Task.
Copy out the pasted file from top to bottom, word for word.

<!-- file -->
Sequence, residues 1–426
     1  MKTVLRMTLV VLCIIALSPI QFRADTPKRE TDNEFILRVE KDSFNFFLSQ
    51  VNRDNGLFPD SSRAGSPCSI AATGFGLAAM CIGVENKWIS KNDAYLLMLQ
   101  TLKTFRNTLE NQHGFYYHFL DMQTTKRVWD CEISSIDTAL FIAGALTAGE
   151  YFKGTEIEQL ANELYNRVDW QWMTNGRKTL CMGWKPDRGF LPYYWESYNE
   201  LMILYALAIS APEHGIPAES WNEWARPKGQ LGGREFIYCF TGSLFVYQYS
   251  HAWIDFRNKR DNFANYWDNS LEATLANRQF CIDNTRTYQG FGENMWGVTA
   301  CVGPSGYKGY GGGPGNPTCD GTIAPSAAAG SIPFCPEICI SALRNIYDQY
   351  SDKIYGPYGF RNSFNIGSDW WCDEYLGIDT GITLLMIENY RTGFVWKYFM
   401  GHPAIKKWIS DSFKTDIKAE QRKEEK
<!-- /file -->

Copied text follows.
Sequence, residues 1–426
     1  MKTVLRMTLV VLCIIALSPI QFRADTPKRE TDNEFILRVE KDSFNFFLSQ
    51  VNRDNGLFPD SSRAGSPCSI AATGFGLAAM CIGVENKWIS KNDAYLLMLQ
   101  TLKTFRNTLE NQHGFYYHFL DMQTTKRVWD CEISSIDTAL FIAGALTAGE
   151  YFKGTEIEQL ANELYNRVDW QWMTNGRKTL CMGWKPDRGF LPYYWESYNE
   201  LMILYALAIS APEHGIPAES WNEWARPKGQ LGGREFIYCF TGSLFVYQYS
   251  HAWIDFRNKR DNFANYWDNS LEATLANRQF CIDNTRTYQG FGENMWGVTA
   301  CVGPSGYKGY GGGPGNPTCD GTIAPSAAAG SIPFCPEICI SALRNIYDQY
   351  SDKIYGPYGF RNSFNIGSDW WCDEYLGIDT GITLLMIENY RTGFVWKYFM
   401  GHPAIKKWIS DSFKTDIKAE QRKEEK